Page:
From my article Armed Resistance to the Holocaust, 19 J. on Firearms & Public Policy 144 (2007). (For Polish translation click here).
On January 18, 1943, the Germans rounded up seven thousand Jews and sent them to the extermination camp at Treblinka; they killed six hundred more Jews right in Warsaw. But on that day, an uprising began. In the beginning, the Jewish Fighting Organization had about 600 volunteers; the Jewish Military Association had about 400, and there were thousands more in spontaneous small groups. The Jews had only ten handguns, but the Germans did not realize how under-armed the Jewish fighters were.
After four days of fighting, the Germans on January 21 pulled back from the ghetto, to organize better. Another diary written in the Warsaw ghetto exulted:
In the four days of fighting we had made up for the same of Jewish passivity in the first extermination action of July, 1942. Not only the Germans were shocked by the unexpected resistance, Jews too were astonished. They could not imagine until then that the beaten, exhausted victims could rise against a mighty enemy who had conquered all of Europe. Many Jews who were in the streets of Warsaw during the fighting refused to believe that on Zamenhof and Mila Streets Jewish boys and girls had attacked Germans. The large-scale fighting which followed convinced all that it was possible.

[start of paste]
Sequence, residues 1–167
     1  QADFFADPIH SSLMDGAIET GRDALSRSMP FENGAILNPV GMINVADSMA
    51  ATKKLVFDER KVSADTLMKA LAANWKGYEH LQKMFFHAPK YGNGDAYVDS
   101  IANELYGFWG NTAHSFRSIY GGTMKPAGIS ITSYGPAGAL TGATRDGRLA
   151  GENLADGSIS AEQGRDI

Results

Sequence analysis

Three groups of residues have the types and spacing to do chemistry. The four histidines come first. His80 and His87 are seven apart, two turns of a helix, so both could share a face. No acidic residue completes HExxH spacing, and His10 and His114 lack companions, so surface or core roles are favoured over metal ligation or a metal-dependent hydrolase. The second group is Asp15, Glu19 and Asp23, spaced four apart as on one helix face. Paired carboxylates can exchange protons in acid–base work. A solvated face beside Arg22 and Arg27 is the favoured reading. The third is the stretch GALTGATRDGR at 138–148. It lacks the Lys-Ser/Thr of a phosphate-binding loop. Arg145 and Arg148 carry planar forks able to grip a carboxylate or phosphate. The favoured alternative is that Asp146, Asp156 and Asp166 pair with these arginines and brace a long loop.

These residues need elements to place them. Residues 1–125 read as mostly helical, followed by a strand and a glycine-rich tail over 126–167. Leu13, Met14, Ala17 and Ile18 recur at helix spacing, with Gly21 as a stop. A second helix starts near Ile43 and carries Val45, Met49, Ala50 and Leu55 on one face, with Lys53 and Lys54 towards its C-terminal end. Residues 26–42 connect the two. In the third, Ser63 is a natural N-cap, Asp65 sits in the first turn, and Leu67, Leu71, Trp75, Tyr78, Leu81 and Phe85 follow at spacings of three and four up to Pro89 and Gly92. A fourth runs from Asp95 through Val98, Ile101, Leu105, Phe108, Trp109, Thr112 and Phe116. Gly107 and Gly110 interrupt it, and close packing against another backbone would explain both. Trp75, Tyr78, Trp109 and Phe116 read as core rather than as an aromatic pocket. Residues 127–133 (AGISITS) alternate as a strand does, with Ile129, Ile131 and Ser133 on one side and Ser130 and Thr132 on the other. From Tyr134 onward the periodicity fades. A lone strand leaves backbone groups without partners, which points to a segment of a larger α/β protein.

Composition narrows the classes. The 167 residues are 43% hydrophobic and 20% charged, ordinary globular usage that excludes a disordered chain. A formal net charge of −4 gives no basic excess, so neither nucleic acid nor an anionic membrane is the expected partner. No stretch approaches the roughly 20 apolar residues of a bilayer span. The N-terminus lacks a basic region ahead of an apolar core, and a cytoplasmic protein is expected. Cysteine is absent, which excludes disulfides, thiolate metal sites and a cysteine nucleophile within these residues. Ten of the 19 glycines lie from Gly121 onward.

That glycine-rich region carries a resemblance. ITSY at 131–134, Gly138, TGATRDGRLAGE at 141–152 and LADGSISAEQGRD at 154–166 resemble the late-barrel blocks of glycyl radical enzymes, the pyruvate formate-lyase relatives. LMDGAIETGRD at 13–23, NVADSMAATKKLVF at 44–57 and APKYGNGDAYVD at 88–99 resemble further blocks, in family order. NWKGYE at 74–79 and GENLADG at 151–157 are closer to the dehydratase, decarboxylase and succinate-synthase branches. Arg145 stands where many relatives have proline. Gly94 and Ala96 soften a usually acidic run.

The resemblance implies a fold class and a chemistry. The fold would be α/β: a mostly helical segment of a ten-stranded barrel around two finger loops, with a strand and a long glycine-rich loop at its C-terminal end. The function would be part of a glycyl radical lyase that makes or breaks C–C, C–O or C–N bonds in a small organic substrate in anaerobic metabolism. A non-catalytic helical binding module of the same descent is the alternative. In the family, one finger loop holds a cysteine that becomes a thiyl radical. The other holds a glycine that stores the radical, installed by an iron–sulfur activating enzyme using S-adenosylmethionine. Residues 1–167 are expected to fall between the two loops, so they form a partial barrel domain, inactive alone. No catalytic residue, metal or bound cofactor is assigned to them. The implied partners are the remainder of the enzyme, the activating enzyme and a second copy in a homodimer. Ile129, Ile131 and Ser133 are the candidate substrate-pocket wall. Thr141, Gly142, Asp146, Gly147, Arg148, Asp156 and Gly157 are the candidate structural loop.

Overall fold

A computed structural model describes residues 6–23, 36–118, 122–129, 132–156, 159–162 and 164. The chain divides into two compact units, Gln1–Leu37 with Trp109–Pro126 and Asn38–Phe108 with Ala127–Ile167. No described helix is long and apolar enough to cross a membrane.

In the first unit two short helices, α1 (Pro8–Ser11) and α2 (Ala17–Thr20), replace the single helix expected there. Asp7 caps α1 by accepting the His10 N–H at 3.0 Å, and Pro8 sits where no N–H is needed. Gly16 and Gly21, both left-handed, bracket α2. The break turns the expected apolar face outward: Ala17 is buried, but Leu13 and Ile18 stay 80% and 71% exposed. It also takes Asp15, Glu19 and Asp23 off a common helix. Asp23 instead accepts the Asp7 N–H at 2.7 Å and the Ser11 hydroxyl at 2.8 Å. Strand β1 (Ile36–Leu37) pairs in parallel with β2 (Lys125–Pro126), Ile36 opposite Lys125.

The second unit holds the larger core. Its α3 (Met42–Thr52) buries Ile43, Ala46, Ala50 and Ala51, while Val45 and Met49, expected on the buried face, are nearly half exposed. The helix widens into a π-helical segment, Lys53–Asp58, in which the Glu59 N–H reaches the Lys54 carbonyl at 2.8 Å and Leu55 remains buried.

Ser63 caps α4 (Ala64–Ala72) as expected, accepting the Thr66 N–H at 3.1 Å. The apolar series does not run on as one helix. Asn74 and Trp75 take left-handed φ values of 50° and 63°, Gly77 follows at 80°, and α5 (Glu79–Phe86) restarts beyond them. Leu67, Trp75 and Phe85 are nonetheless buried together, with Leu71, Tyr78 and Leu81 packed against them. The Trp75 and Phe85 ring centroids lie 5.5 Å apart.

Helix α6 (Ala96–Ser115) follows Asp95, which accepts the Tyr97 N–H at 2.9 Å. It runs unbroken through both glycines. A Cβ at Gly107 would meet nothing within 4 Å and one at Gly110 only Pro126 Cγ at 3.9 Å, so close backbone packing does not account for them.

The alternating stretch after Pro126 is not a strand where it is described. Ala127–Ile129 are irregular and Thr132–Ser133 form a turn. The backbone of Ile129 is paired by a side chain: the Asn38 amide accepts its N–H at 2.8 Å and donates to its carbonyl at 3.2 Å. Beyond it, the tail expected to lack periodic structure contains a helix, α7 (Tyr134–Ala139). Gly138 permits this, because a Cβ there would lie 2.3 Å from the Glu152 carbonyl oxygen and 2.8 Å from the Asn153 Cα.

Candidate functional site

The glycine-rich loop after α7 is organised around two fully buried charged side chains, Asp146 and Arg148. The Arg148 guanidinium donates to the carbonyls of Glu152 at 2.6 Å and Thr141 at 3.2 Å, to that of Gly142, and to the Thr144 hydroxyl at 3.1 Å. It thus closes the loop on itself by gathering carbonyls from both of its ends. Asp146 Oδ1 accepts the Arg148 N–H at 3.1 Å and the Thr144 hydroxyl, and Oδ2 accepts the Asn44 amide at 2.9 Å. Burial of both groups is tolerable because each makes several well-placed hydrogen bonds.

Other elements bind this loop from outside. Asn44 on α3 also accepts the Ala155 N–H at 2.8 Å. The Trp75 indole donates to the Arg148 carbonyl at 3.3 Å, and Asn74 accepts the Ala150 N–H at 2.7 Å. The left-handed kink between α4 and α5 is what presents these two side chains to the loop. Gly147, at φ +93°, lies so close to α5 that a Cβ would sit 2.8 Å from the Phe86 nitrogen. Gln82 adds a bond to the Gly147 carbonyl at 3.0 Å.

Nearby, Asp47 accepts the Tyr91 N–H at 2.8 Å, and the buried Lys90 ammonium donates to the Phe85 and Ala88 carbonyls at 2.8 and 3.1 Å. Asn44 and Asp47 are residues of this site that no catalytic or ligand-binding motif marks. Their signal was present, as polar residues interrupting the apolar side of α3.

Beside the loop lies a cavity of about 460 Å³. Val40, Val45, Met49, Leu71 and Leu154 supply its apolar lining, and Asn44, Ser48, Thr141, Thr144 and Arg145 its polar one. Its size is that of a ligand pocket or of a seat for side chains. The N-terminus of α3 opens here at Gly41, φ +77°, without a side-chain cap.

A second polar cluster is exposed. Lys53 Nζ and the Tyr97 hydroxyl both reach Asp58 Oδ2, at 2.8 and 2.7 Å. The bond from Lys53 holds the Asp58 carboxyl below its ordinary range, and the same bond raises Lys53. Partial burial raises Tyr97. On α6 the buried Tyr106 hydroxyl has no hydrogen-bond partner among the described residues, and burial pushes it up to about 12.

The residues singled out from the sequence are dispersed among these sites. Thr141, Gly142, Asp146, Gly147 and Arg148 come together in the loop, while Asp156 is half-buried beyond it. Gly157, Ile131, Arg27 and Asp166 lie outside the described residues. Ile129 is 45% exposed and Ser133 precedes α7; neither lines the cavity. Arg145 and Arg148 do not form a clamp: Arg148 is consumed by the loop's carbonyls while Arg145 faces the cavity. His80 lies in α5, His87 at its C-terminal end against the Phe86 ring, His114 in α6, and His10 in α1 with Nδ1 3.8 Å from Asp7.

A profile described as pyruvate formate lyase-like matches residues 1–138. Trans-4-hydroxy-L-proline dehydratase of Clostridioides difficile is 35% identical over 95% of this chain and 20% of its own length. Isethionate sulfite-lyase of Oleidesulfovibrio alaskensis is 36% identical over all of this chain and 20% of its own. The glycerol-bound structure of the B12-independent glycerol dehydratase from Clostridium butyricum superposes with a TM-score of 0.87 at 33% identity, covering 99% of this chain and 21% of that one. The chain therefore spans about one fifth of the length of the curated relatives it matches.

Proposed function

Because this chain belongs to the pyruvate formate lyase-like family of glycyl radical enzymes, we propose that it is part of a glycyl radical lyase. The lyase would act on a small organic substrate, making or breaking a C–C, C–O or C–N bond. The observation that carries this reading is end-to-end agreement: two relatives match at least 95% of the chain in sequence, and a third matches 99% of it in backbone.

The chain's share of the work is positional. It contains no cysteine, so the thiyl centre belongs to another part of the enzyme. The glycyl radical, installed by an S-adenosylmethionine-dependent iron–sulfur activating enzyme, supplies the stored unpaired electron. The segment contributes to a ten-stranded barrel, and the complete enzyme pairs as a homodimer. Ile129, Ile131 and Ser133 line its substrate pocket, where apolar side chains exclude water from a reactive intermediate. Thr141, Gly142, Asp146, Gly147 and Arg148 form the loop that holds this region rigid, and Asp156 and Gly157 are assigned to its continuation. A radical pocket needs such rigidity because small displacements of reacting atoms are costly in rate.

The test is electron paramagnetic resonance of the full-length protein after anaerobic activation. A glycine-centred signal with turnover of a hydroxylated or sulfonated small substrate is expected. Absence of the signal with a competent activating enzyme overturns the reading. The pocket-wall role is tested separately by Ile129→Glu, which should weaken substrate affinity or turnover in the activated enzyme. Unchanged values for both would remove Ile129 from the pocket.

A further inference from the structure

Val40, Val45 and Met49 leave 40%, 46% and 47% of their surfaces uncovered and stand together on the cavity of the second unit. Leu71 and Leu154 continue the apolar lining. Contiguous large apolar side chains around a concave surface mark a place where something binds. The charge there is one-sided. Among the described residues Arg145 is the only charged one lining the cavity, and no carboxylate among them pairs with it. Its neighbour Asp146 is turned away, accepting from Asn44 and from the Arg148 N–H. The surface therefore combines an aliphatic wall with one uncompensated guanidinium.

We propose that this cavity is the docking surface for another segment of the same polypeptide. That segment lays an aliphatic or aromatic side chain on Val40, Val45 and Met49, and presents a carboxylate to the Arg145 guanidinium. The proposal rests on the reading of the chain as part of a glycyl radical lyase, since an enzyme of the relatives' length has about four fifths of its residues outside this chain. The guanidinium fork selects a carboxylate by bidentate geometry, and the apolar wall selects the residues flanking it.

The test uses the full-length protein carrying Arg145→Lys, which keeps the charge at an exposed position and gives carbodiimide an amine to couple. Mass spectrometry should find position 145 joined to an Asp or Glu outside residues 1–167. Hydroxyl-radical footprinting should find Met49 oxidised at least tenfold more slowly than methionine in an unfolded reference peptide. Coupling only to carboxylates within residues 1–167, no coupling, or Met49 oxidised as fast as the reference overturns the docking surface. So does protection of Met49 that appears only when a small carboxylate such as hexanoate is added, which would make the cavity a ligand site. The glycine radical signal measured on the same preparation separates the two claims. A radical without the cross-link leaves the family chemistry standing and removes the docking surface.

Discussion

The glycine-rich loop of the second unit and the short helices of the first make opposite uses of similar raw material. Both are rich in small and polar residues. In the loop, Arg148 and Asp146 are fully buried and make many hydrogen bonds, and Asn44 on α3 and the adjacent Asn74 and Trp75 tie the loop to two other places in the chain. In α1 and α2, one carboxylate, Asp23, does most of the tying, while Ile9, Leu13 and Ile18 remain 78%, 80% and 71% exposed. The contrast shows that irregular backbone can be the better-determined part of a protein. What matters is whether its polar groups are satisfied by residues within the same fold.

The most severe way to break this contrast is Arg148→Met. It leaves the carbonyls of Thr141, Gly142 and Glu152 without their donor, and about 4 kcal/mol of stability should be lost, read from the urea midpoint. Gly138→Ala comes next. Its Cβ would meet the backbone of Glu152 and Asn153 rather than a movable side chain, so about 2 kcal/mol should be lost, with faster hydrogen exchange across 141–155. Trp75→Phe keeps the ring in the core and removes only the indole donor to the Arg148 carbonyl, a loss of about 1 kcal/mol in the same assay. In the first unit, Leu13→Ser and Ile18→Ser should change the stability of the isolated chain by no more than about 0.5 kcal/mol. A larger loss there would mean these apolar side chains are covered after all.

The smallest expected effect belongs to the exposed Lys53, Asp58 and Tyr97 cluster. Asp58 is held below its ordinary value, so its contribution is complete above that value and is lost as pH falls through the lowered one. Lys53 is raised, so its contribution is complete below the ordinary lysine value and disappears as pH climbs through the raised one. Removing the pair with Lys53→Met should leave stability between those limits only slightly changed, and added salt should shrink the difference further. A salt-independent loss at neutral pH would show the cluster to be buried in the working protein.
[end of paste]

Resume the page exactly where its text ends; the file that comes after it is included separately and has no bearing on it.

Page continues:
On February 16, 1943, Heinrich Himmler ordered that the Warsaw ghetto be exterminated on April 19. The plan was to give Hitler a Judenrein Warsaw as a present for his April 20 birthday.
On that night of April 19, the Warsaw Jews partook of the Passover Seder. Since September 1939, they had eaten the bitter herbs of slavery. Now, they were drinking the wine of freedom.
The Nazi Minister of Propaganda, Joseph Goebbels, wrote in his diary, “the joke cannot last much longer, but it shows what the Jews are capable of when they have arms in their hands.” The Nazis brought in tanks. The Jews were ready with explosives. First one tank and then a second were immobilized in the middle of the street, in flames, their crews burned alive. [Uprising leader Emanuel] Ringelblum recalled:
Now the fighters as well as the non-combatant Jews who have crawled out of their hiding places have reached the pinnacle of jubilation….According to one eyewitness account, “The faces who only yesterday reflected terror and despair now shone with an unusual joy which is difficult to describe. This was a joy free from all personal motives, a joy imbued with the pride that that ghetto was fighting.”
Another eyewitness describes the confusion in the German ranks: “There runs a German soldier shrieking like an insane one, the helmet on his head on fire. Another one shouts madly ‘Juden…Waffen…Juden… Waffen!'” [Jews…weapons!]
(For a 2001 essay that Glenn Reynolds and I wrote on Jewish resistance at Warsaw and elsewhere, click here.)